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Visualizing Bayes Theorem (2009) (oscarbonilla.com)
148 points by Tomte on Jan 2, 2022 | hide | past | favorite | 21 comments

I recently built an interactive visualisation [1] to explore dependent probabilities in terms of area and side length of rectangles.

[1]: https://static.laszlokorte.de/stochastic/

I like that. I started playing by twiddling P(A). Since probabilities add to one, there are only three degrees of freedom. I got that the other two degrees, P(B|A) and P(B| not A) didn't move, why would they? By contrast P(A|B) and P(A| not B) in the other column did move - so far so good.

But P(B) just sat there. Puzzling. Then I realized that it starts at P(B|A) = P(B| not A) which is a special case.

An excellent philosophical toy :-)

I understood OP's visualisation immediately, and I still don't understand yours. Not sure if the fault is in me or it...

I agree that it could use a little written explanation:

One big square represents the whole result space having a probability of 1, ie an area of 1 (side length 1x1). The four colors partiotion the whole space in all 4 combinations: 1. A happens and B happens, 2. A happens but not B, 3. A does not happen but B, 4. neither A nor B happen.

Each of the four colors has an area representing the corresponding probability. Naturally all 4 areas sum to 1.

The left and right big squres are simply the same areas just arranged differently to create a straight vertical or horizontal split.

This leads to the side lenghts of the areas corresponding to the probabilities of A happening, B happensing and the dependent probsbilities (eg A happening given that B happens, or B happening given that A happens, etc).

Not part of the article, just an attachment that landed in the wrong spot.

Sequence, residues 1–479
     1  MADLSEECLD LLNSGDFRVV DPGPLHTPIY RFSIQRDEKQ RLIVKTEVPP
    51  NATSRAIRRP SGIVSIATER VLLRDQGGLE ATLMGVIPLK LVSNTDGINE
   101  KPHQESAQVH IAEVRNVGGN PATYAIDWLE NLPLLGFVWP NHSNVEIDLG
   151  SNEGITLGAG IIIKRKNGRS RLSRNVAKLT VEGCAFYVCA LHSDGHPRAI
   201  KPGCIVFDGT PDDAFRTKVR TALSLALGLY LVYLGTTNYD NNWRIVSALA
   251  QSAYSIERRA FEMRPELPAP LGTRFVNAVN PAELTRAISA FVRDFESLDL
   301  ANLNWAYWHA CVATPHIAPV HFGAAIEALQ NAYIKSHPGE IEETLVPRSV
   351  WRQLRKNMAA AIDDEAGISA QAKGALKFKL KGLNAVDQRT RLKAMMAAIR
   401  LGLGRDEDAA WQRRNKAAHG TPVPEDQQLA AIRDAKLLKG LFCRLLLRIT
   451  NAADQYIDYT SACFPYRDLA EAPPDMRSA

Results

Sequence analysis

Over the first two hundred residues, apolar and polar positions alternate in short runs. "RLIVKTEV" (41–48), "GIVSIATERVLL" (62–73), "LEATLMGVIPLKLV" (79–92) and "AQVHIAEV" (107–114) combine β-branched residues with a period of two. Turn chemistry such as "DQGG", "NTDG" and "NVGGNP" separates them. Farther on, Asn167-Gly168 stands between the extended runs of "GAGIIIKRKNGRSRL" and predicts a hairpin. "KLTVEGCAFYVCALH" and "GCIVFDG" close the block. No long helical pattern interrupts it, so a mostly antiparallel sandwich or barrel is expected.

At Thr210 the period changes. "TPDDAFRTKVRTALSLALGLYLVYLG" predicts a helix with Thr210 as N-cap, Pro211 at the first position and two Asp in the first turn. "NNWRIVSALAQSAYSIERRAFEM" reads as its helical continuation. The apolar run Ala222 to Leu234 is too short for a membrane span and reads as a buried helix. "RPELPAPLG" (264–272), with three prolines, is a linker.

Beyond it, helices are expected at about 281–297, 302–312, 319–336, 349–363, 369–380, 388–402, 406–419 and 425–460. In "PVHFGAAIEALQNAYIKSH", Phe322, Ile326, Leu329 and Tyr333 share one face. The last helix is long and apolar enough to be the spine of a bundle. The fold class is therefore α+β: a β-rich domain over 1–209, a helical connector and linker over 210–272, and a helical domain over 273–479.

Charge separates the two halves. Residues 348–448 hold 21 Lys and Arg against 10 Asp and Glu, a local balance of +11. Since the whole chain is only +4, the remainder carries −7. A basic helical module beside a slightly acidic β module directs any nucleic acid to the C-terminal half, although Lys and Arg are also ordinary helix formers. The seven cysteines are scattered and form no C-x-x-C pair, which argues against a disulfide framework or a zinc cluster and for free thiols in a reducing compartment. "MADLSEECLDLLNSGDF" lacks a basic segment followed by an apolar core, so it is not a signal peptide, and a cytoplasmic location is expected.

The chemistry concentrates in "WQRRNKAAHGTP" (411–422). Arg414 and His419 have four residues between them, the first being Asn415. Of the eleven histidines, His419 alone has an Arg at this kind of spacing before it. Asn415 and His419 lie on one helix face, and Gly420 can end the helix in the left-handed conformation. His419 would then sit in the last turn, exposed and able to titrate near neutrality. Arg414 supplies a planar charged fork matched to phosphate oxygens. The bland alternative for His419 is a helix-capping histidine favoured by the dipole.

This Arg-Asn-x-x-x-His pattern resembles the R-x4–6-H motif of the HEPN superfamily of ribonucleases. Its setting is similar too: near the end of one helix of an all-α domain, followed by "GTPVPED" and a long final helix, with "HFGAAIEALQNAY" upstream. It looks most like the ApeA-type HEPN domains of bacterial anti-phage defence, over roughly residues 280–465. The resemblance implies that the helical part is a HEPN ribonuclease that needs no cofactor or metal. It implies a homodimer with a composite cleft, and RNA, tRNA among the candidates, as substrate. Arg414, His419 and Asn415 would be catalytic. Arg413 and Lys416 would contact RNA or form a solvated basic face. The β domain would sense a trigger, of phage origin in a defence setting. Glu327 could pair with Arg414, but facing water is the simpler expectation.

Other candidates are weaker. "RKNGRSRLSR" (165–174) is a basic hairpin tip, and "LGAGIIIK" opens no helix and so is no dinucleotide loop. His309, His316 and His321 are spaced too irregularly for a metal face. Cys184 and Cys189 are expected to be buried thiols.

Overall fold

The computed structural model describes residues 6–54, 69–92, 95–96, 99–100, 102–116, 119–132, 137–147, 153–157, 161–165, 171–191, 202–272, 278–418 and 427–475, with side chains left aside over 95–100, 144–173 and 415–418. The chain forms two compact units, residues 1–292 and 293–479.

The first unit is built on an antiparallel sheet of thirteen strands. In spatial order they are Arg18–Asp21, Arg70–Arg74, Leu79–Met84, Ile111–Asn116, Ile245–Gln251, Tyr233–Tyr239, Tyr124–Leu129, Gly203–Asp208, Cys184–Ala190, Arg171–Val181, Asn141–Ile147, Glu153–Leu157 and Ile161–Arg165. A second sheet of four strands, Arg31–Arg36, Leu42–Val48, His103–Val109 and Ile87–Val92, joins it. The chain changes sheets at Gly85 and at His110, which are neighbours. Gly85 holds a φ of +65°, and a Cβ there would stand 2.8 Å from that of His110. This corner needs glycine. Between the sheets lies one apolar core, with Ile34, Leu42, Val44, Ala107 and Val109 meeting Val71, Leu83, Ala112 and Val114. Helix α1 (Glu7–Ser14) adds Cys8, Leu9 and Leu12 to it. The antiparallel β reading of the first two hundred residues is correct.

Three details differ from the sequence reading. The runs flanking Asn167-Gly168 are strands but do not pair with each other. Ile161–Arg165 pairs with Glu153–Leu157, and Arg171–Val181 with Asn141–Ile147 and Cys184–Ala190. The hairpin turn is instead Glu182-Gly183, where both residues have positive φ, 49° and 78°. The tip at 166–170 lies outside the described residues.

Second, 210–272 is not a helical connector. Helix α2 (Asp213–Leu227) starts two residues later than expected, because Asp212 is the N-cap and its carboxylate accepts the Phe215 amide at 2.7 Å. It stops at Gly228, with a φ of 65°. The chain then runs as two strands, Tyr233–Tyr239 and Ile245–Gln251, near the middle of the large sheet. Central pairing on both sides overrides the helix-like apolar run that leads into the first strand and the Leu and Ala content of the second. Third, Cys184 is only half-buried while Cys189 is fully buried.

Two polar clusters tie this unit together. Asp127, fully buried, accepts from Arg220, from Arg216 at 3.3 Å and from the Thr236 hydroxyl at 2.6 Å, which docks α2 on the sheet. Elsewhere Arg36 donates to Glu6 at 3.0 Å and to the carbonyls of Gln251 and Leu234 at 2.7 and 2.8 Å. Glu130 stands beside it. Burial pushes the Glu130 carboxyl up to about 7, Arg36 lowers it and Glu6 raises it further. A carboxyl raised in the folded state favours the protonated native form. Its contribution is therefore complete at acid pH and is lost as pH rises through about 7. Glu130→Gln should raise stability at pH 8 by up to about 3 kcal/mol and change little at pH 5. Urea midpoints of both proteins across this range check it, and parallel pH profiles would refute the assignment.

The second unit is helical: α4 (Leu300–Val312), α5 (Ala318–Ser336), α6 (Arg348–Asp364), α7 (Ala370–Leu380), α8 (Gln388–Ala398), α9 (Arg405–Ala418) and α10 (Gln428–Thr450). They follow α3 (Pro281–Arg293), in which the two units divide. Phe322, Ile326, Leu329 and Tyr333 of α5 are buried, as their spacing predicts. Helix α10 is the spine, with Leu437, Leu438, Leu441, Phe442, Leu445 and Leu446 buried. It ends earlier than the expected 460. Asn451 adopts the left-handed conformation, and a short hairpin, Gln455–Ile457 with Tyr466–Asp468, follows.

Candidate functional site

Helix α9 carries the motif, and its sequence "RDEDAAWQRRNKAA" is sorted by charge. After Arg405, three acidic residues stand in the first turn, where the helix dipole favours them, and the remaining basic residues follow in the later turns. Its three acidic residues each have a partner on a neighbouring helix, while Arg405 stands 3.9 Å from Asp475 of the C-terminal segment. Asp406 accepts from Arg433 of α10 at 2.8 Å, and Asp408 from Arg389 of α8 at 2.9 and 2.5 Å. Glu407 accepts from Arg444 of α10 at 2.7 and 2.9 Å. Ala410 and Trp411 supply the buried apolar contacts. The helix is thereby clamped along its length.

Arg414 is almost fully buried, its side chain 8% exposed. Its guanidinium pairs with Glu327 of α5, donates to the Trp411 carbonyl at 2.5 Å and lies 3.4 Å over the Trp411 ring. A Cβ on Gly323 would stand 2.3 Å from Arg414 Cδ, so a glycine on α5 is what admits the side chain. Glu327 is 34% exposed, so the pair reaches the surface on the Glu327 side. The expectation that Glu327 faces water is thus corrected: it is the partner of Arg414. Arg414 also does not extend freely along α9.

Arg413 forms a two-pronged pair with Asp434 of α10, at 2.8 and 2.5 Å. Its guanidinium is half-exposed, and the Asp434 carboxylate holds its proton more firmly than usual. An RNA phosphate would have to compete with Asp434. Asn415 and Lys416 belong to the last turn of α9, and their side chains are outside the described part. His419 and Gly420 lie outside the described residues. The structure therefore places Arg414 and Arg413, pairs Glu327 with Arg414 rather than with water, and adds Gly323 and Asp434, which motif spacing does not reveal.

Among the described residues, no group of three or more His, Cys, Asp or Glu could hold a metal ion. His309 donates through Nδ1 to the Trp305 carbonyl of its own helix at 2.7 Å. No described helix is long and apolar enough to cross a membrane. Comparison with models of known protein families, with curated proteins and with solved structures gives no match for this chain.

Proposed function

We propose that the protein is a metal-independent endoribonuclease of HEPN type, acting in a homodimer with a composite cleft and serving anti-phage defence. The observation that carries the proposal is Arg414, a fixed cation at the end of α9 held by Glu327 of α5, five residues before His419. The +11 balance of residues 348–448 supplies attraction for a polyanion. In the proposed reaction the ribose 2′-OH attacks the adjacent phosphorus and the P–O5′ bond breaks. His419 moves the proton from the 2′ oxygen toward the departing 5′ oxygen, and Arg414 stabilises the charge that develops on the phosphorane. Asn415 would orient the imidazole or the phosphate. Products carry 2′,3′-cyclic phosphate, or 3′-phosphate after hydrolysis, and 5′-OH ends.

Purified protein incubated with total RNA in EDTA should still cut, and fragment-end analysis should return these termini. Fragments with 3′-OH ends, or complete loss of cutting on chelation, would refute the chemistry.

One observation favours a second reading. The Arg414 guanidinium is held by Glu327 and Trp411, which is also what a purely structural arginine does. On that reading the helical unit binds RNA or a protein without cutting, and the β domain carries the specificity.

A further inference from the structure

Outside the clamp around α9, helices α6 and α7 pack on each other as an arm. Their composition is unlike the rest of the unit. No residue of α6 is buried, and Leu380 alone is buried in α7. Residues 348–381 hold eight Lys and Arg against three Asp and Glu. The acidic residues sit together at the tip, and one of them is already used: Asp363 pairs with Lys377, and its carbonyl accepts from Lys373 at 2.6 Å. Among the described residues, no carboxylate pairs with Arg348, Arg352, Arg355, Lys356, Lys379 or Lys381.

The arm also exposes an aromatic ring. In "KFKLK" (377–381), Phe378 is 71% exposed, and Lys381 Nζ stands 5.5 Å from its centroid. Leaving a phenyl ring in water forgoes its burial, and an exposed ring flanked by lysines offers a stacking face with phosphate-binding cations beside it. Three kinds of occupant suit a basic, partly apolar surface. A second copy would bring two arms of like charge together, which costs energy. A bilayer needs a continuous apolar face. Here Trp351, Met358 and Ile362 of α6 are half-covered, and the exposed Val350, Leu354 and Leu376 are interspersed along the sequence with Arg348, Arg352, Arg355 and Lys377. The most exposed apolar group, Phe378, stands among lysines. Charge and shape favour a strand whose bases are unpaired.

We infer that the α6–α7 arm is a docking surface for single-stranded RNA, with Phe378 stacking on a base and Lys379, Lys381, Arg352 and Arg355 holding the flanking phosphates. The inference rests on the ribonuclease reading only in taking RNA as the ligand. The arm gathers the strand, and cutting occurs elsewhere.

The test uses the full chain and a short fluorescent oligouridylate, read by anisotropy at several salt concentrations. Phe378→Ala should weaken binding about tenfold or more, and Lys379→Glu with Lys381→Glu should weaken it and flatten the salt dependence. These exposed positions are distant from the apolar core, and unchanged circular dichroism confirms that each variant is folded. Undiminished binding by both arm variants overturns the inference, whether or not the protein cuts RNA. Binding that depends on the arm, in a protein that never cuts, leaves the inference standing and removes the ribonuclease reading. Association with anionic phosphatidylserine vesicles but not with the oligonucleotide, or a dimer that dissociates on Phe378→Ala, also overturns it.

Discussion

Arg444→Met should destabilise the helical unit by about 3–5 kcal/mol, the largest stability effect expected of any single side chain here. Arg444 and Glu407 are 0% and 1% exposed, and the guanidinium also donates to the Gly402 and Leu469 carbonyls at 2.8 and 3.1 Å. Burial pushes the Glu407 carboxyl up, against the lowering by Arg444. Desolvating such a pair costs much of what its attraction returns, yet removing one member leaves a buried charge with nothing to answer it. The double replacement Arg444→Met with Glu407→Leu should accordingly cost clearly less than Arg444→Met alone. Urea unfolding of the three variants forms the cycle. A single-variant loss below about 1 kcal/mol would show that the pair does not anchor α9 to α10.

Given that two areas of the same color are the same size you can derive bayes theorem by converting the side length of one rectangle to that of the other same colored reactangle.

For example: The pink rectangle has the area equal to the probability Pr(B∩A). the left pink rectangle is factorized into the side lengths of width=Pr(A) and height=Pr(B|A). So the area is widthheight = Pr(A)Pr(B|A) = Pr(B∩A). The right pink rectangle is factorized into Pr(A|B) and Pr(B) instead, but has the same area Pr(B∩A).

Also you can see that the aligned side of two rectangle sum to 1. For example on the left side the height of the pink plus the height of the orange always sum to one.

Now by changing the probabilities by dragging the sliders you can see that there are configurations in which the height of a rectangle on the left side differs very stark from the width of the rectangle on the right side. For example when Pr(B|A) is totally different than Pr(A|B). But there are also configurations when they match.

I added some explanation on the page itself now.

Updating priors is hard.

So many in my family still haven’t groked that Covid is endemic, that kids don’t have a 50% chance of being hospitalized after getting Covid, etc.

I process their anxiety troubles as false priors due to too much media consumption, which has an economic incentive to have valuable fear-driven priors versus statistically accurate priors.

I think a more basic problem is people don't even know how to formulate meaningful probability hypothetical/counterfactuals to begin with (let alone update them). For Covid stuff pretty much all an individual should care about is:

P(Bad Stuff | I take action A) > P(Bad Stuff | I take action B)

So you take action B in this scenario (simplifying to ignore costs, many of these decisions are costless). We get a bunch of meaningless drivel in the news though that doesn't help anyone make any meaningful probability estimates to help them make decisions. I think the Rogan/Gupta interview is a good example. We get various non-sense comparisons such as: